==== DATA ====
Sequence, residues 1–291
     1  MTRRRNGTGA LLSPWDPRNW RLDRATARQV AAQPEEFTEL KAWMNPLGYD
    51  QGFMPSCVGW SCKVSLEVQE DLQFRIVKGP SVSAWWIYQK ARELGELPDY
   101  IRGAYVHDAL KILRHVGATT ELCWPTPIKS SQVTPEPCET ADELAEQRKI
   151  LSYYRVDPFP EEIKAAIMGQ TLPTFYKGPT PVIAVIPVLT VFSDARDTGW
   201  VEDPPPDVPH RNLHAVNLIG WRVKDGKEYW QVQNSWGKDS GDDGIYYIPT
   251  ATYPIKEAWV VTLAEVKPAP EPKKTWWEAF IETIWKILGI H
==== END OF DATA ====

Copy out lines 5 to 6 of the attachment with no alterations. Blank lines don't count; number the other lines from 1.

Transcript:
   151  LSYYRVDPFP EEIKAAIMGQ TLPTFYKGPT PVIAVIPVLT VFSDARDTGW
   201  VEDPPPDVPH RNLHAVNLIG WRVKDGKEYW QVQNSWGKDS GDDGIYYIPT